It made it safely into my Pascha basket, and we'll be enjoying it today with coffee and half-and-half for dessert!  Christ is Risen!


Saturday, April 19, 2014

You Won't Believe These Easter Eggs!!!!

Easter Egg Labyrinth Vajdahunyad Castle Budapest, Hungary
source
Giant Easter Egg near La Scala Opera House
source
Mosaic work of the Virgin Mary by Ukrainian artist
Oksana Mas, on a wall of the St. Sophia Cathedral in Kiev
The panel was made with 15,000 traditionally painted Ukrainian eggs.
(Getty Image:  source)
Easter Egg Museum in Kolomyya, Ukraine
source
Decorating Easter Eggs in Old Town Prague
source

A fun book by Jan Brett...Which bunny can make the most beautiful egg for the Easter Rabbit?

If a little bunny named "Hoppi" can make the best Easter egg, he will get to help the Easter Rabbit deliver the eggs on Easter morning. But it is not so easy. 

Discouraged, he goes into the woods to think when a blue robin’s egg tumbles out of its nest.  What happens in the end may surprise you!



Listen and watch as Jan Brett talks about the making of her book, The Easter Egg...

Friday, April 18, 2014

Quiet Activities for Holy Friday and Saturday

[source: Pravoslavie.ru]

When my kids were young, we tried to plan a few nice quiet activities for them to engage in with us in anticipation of Orthodox Pascha (Easter), between the church services we attended during the day on Holy Friday and Saturday.  I perused my Pinterest boards yesterday, and I think I found some pretty good resources to share with you.

Make an Easter Story in an Egg Carton - go here to learn how to make this easy project.

Read Bible stories with them.  There are so many great illustrated Bibles for children.  One of my favorites is the Children's Bible Reader, available here

Craft beeswax candles out of eggshells to give as gifts - step-by-step instructions here.

Or decorate candles for Pascha - source here.

Bake!  Make a cake for your Pascha (Easter) basket.  Lots of traditional recipes out there, but I'm going to try this Lemon/Ricotta/Almond/Flourless Cake because it's gluten free!

Decorate Eggs - I love these beautiful Easter Eggs dyed with lace...

These last days leading up to Easter are a good time to decorate your Easter Egg Tree - we let our children choose a glass or handblown egg from our collection to hang on our "tree" each day of Holy Week, so by Pascha it was full.

Easter Egg Symbolism and Trivia:
  • The dyeing of Easter eggs comes from the Orthodox and Eastern Catholic tradition of coloring eggs red to represent the blood of Christ. The egg's shell represents the tomb of Christ, and after the Paschal liturgy parishioners crack their eggs against each other's proclaiming, "Christ is Risen!"
  • Historically, as part of the Lenten Fast, eating eggs was forbidden. But this didn't stop chickens from laying, so households hard-boiled the eggs to keep them from spoiling and ate them quickly after Easter arrived.  
  • In the Ukraine, during Holy week, women traditionally blew out the egg insides, and decorated the empty shells with dyes and wax, a beautiful folk art known as "Pysanky".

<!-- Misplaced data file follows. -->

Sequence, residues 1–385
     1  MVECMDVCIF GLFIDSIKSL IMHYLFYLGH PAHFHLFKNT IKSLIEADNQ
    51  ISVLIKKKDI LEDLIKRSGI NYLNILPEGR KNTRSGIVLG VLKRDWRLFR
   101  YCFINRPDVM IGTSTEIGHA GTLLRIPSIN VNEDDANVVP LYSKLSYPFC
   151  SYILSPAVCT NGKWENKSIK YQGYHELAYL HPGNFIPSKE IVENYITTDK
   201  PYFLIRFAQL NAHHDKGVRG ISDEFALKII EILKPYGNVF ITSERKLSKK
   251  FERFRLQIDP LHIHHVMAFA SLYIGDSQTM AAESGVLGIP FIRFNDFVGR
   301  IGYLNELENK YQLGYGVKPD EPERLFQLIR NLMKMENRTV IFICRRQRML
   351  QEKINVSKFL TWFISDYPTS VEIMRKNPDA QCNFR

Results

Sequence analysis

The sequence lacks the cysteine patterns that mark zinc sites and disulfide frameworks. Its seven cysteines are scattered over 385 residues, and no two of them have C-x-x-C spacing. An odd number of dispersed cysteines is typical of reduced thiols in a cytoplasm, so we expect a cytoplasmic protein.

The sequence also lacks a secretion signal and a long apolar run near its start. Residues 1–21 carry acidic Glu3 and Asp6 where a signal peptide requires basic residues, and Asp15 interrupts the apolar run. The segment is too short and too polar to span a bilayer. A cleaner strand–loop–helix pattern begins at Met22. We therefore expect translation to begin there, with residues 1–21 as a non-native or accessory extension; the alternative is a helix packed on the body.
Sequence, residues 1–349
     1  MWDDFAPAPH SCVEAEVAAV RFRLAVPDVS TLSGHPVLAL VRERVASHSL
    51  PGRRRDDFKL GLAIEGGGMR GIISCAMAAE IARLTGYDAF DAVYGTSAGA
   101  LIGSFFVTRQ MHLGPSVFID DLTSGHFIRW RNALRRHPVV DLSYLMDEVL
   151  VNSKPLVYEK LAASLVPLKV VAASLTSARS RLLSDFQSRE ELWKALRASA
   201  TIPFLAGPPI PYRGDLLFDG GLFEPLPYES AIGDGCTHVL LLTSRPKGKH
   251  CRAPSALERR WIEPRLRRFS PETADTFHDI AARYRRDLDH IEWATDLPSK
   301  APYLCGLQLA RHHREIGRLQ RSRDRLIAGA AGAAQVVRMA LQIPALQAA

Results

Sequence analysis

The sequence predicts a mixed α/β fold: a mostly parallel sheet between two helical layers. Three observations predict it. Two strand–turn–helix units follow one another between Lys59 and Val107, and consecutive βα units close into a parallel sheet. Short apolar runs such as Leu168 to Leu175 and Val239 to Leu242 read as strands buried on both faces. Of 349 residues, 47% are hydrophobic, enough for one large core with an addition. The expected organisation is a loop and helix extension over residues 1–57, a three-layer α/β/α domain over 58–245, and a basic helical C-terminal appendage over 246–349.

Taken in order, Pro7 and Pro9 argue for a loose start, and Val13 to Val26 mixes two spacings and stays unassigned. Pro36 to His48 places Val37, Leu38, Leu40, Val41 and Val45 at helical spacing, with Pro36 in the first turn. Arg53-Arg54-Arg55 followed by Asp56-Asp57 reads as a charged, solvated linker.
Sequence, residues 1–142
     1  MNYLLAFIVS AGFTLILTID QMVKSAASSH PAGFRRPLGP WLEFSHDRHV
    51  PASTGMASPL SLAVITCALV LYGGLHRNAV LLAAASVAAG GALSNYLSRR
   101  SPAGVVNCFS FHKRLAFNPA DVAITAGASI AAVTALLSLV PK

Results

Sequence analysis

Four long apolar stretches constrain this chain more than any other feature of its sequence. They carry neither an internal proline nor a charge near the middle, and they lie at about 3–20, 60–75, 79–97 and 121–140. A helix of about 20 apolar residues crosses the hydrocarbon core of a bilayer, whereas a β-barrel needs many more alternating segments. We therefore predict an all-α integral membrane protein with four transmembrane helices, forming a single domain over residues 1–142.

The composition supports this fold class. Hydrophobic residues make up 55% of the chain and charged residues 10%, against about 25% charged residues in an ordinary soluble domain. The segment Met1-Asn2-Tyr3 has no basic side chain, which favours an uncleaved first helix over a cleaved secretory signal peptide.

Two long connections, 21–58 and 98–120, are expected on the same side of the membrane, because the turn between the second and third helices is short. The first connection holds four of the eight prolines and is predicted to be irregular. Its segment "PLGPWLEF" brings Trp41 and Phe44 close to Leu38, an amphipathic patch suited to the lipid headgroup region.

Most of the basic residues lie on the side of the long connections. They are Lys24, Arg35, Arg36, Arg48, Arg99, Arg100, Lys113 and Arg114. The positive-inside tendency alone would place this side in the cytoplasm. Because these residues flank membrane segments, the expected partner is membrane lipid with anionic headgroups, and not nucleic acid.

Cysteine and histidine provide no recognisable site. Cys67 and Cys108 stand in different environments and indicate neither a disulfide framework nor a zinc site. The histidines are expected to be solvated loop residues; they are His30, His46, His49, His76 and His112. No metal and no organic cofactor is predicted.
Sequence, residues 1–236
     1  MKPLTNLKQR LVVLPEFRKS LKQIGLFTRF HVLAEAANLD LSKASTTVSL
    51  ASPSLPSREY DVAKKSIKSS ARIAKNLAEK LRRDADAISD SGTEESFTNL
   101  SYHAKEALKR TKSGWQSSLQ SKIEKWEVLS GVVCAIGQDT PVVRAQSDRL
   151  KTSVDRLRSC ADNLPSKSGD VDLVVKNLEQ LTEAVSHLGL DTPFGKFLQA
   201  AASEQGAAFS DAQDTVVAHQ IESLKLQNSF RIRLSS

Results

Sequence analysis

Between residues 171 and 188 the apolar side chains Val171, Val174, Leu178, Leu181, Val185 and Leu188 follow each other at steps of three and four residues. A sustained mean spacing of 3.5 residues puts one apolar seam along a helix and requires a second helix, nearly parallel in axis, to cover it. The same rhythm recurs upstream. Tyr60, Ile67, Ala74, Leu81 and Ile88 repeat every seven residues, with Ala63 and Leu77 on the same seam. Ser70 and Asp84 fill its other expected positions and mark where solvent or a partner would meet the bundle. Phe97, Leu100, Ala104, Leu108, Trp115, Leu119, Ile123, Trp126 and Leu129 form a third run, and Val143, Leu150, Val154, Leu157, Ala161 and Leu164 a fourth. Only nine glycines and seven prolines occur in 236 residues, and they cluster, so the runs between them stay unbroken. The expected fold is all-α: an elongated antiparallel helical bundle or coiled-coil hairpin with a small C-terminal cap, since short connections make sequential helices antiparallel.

• Started by Dolley Madison in 1814, the annual "Easter Egg Roll" on the White House's South Lawn is a race in which children push an Easter egg across the grass with a spoon. However, rolling Easter eggs traces its origins to Europe as a symbol of the rolling away of the boulder from Jesus' tomb before the Resurrection. 
  • The famous FabergĂ© eggs were intricately jeweled and gilded pieces created for Russian royalty before the 1917 revolution. The House of FabergĂ© crafted the first in 1885 by request from Tsar Alexander III as an Easter gift for his wife, Empress Maria.  The tradition was famously continued by the Romanov family, most notably, Nicholas II and Alexandra.                         [source]                                                        

Wednesday, April 9, 2014

Was the First "Easter Egg" Red?

EASTER BOOK GIVEAWAY! Revised 4/12/14: Giveaway over - Congratulations to Anne Lawson! Today I'm giving away a beautiful new children's book from Ancient Faith Publishing: The Miracle of the Red Egg, by Elizabeth Crispina Johnson and illustrated by Daria Fisher.


Whether or not you encourage the "Easter Bunny" and egg hunts in your family, Christians have long viewed eggs as symbols of the Resurrection - as an egg lies dormant, it contains a new life sealed within it, just as Christ's body was resurrected to new life from a sealed tomb.


At "Pascha" (Easter), Orthodox Christians all over the world dye and bless RED eggs.  And finally there is a children's book about how this tradition started...

Way back in apostolic times, there was a blessed miracle that involved St. Mary Magdalene, an unbelieving Roman Emperor named Tiberius, and an EGG that turned RED.

 

I think your whole family will enjoy this wonderful new book for kids that brings to life the reality and power of Christ's Resurrection...

You can preview a little more of the book here.  The story is very nicely told by Elizabeth Johnson (What Do You Hear, Angel?), with pretty pastel illustrations by Daria Fisher (Lucia, St. of Light).  At the back of the book you'll find an icon image and hymn for Mary Magdalene's feast day, a prayer for the "Blessing of the Eggs", the Paschal Troparion and Greeting, and a historical note.

Want to dye your own red eggs? You can order a $6.00 kit imported from Greece from Ancient Faith Publishing as well.  The book is available to order by clicking the link here.
 

GIVEAWAY DETAILS:
To enter for a chance to win my review copy...
-Post a comment here on my blog post
-Comment on my G.B.F.Y.S. Facebook page link for this post
-Mailing address must be within the U.S. 
Giveaway ends this Friday (April 11, 2014) at 11:59 PST.  
Winner announced on Saturday, April 12, 2014.